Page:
Site visit to the possible folk origin for Lyminge

As Monday is a bank holiday, there is no working on site today.  So there was an opportunity to visit the Roman fort of Portus Lemanis, some 6.4 miles to the south west of Lyminge towards the coast.  In the Roman period, this fort lay at the mouth of the River East Rother, then known as the Leman or Limen, which flowed into a tidal lagoon where now it is dry land.  This lagoon was protected from the sea by a shingle bank, broadly where the modern coast now is.  There was access to the open sea close by the fort.

26 Aug Lympne general view

The walls of the Roman fort of Portus Lemanis spread across the hillside with the medieval Lympne Castle on the skyline above

The Roman fort is on the slope at the foot of a steep escarpment.  The River Limen is now canalised as the Royal Military Canal, a fortification built during the Napoleonic Wars to protect the coast inland of Romney Marsh.  Access to the bottom of the escarpment is via a steep road that comes down by West Hythe.  In the Anglo-Saxon period, this was the location of the port of Sandtun, which charters show served as the port for the monastery at Lyminge.  So we know that there was an enduring connection between Lyminge and Lympne.  It is possible that the very name of Lyminge derives from the River Limen, and it is conceivable that the group that settled in Lyminge towards the end of the 5th Century, and that later called itself the Limen-wara of ‘Limen folk’ viewed the area around the old Roman fort as its folk origin.  Perhaps this was the place where the group had first settled when it arrived in late or sub-Roman Britain.  There is further discussion of this idea here

In various blog posts over the past two months, we have speculated that the stone and brick used to build the 7th Century church at Lyminge was robbed from a Roman site.  The most obvious site from which to have taken this stone is the fort of Portus Lemanis.  It would have been well-known to everyone at Lyminge due to the proximity of Sandtun, only half a mile away.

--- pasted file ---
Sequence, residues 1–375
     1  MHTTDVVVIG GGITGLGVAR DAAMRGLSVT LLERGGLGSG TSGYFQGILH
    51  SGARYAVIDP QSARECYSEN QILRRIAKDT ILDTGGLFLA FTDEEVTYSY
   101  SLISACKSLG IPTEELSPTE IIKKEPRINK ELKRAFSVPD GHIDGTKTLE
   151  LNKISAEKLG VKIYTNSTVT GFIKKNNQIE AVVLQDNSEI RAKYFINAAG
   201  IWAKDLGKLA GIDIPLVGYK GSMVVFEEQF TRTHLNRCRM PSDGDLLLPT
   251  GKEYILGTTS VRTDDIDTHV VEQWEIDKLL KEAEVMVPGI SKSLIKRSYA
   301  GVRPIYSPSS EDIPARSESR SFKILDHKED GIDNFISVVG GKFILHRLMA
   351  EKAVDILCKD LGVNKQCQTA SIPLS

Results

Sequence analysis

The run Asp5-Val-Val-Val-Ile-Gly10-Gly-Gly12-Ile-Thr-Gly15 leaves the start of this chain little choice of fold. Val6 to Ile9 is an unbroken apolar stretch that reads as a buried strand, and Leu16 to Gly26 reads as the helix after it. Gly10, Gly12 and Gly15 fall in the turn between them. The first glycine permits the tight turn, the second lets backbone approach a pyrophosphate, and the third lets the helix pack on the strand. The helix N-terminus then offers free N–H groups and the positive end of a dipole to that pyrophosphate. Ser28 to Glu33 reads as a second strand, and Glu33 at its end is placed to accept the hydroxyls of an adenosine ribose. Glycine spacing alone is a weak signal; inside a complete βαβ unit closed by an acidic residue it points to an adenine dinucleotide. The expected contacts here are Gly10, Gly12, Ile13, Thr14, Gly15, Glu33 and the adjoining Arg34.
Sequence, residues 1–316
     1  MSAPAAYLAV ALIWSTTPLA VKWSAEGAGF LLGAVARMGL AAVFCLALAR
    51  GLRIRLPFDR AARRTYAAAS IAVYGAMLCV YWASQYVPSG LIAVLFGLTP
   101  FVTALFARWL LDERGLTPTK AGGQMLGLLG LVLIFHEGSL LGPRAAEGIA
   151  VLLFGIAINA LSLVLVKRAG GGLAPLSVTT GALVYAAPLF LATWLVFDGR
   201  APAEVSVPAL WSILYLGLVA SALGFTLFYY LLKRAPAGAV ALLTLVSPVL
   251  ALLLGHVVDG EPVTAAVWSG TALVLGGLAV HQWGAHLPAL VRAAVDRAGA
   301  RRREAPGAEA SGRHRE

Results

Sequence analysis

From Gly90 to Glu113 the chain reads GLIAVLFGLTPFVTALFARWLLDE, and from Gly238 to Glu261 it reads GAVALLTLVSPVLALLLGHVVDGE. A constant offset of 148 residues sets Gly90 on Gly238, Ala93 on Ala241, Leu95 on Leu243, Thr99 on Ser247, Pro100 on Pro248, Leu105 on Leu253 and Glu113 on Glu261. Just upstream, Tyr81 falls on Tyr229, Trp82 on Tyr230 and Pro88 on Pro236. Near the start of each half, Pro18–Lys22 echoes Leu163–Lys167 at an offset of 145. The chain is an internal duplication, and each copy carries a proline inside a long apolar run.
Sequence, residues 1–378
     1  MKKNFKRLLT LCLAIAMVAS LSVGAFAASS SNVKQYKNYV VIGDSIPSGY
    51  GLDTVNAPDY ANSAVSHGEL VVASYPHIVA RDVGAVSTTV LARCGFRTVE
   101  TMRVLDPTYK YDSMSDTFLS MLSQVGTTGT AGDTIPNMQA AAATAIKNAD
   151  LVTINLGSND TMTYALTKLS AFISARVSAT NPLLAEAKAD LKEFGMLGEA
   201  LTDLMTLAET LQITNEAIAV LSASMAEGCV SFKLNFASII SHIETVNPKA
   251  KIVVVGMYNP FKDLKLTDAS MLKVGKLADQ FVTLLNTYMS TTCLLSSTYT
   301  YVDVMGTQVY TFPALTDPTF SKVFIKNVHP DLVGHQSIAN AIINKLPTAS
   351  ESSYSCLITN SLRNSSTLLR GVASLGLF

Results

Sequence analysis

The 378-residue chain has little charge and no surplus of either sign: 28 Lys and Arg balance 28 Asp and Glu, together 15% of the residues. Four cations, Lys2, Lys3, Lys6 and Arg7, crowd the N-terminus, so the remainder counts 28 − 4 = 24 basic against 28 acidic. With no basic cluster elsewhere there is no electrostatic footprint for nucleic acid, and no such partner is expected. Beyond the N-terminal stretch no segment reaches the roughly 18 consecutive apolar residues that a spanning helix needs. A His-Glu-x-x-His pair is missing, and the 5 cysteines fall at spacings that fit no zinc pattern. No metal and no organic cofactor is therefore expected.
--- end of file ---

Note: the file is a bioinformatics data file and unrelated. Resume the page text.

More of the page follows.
26 Aug Lympne Bastion

Nicely dressed facing stones are visible on this bastion of the fort.  This is the kind of stone we envisage could have been taken to Lyminge.  This face is now the largest expanse of facing stone surviving anywhere on the site.  Almost everywhere else, it has been robbed away.

26 Aug Lympne north wall

The wall in the picture above is the largest surviving stretch of wall, and it stands some 5.7 metres tall.  The facing stones have been removed almost entirely, with only a few surviving courses towards the bottom of the wall.  Most of the walls of the fort have collapsed completely, so a lot of stone is now missing.

26 Aug Lympne east gate

At the East Gate, there are a few courses of facing stone in one of the gate towers, to the left of the picture above, and there are great flagstones forming the threshold of the gateway.  These are reminiscent of the large flag stone in the base of the hole in the south wall of the Norman church at Lyminge that we believe was hacked by Canon Jenkins.

24 Jul niche 3

The site at Portus Lemanis has obviously been extensively robbed of stone and brick.  It is entirely credible that it could be the source for the stone used to build the 7th Century church.  But strangely, with the possible exception of the flagstone above, we find no stone within the fabric of the standing church that looks as if it is dressed Roman stone.  If such stone was used at Lyminge, it has now entirely disappeared.

One might suspect that if the Anglo-Saxon church was being demolished when the Norman church was being built, at least some of the stone would have found its way into the new church.  This does rather suggest that the Norman church was already standing when the earlier church was demolished.  We are struggling to understand the possible sequence of events and to make sense of them.  This might even suggest that the original plan was to retain the older structure, perhaps because of the relics housed within.  This scheme could then have been abandoned when the relics were taken to Canterbury in 1085.  But this is entirely speculation, and it has to be said that there are no precedents for this.

Perhaps the stone from the Anglo-Saxon church was re-used in the “Aula” of the Archbishops, the complex that was in such poor repair when Archbishop Peckham became Archbishop in 1279.  This too is speculation, but it might explain where the stone was re-used initially, and if this was so, then it also seems that it was shipped off to repair Saltwood Castle in the years after 1382.  Good quality dressed stone was never wasted.  One sometimes does wish that stones could talk, because they would have quite a tale to tell.

 

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